Must, Shall, and Will Use ‘must’ instead of ‘shall.’
Must denotes obligation (You must attend!) or indicates a necessity to act (You must behave).
Shall imposes an obligation to act, but it may be confused with the prediction of a future action. Shall is commonly used today in questions requesting an opinion or a preference (Shall we go?), expressing determination (I shall return!), or in formal regulations that express a requirement (Applications shall provide a proof of certification).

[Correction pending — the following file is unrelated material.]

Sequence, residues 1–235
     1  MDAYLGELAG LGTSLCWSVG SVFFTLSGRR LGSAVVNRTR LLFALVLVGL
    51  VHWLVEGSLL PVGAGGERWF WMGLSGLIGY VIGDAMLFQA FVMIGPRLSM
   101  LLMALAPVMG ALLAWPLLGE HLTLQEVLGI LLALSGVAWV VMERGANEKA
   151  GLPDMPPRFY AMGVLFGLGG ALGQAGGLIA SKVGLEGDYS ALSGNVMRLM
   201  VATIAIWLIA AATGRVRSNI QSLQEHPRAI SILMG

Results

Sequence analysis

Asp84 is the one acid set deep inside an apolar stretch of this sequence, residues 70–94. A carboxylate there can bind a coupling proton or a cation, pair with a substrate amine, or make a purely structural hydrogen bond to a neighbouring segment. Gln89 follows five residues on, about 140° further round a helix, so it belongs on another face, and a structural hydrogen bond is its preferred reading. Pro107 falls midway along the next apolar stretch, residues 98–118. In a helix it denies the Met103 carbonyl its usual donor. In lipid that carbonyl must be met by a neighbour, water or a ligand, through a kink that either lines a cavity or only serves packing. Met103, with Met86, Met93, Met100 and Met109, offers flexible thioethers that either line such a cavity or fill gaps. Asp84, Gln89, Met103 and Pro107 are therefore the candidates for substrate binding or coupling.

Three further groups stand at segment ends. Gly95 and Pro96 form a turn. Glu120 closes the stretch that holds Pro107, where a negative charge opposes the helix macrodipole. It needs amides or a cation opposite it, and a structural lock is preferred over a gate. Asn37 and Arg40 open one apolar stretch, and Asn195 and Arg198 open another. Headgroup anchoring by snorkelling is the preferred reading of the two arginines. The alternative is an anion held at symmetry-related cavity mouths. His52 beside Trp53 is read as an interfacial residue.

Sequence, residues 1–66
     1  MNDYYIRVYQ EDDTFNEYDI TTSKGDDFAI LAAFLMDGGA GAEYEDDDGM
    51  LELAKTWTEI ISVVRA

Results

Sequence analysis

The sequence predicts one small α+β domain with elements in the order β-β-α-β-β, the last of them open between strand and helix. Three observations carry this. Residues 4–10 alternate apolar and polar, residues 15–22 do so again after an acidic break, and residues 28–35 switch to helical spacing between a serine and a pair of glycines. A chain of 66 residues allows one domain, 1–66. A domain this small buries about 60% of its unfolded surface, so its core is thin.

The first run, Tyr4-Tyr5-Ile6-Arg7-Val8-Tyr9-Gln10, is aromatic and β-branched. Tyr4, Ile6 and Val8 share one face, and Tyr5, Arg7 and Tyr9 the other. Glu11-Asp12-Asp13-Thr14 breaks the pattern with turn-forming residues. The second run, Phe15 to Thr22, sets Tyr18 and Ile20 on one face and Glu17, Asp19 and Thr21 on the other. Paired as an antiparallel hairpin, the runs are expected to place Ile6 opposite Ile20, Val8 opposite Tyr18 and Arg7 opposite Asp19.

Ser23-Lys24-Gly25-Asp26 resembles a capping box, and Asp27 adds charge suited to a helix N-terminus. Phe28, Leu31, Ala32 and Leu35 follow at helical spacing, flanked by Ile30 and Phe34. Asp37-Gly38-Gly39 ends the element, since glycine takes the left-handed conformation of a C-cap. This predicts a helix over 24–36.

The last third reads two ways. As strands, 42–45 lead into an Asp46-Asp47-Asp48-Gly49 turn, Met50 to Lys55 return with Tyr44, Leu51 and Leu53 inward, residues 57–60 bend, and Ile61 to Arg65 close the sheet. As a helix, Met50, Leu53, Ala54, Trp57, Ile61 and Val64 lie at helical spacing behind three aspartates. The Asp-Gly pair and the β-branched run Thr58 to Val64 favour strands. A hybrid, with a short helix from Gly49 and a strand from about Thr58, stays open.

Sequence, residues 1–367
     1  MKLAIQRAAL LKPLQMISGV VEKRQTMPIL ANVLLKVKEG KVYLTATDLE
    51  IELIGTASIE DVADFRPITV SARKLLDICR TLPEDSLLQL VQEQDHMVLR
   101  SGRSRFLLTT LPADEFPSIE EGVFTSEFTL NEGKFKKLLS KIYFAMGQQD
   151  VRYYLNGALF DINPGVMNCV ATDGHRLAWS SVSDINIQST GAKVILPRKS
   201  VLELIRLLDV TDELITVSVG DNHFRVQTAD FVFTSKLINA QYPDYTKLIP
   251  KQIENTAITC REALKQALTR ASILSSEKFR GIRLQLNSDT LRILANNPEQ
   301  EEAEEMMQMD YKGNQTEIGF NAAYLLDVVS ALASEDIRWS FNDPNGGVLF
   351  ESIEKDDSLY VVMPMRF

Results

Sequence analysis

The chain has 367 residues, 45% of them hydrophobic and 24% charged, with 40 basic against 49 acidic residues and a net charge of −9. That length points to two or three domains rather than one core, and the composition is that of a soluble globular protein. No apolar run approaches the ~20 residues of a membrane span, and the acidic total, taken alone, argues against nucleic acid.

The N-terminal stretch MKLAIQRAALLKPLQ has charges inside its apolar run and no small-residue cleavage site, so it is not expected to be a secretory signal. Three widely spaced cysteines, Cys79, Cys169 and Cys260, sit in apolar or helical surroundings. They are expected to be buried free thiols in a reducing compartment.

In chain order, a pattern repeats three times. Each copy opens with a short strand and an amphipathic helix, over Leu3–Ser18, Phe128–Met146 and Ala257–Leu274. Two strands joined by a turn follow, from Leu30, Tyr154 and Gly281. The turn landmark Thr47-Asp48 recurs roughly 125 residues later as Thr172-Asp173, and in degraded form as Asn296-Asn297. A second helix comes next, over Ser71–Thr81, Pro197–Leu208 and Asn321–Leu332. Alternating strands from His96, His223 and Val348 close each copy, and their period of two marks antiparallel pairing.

Will predicts future action rather than a prediction. (Will we go?)
Should infers obligation, but not absolute necessity. (Should we go?)
May indicates discretion to act. (You may go.)
May not indicates a prohibition. (You may not eat that.)
Notes:To impose a legal obligation, use must.
In most contexts, will is preferred over shall.To predict future action, use will.
DON’T SAY: The Governor shall approve it.
SAY: The Governor must approve it. [obligation]
OR: The Governor will approve it. [future action]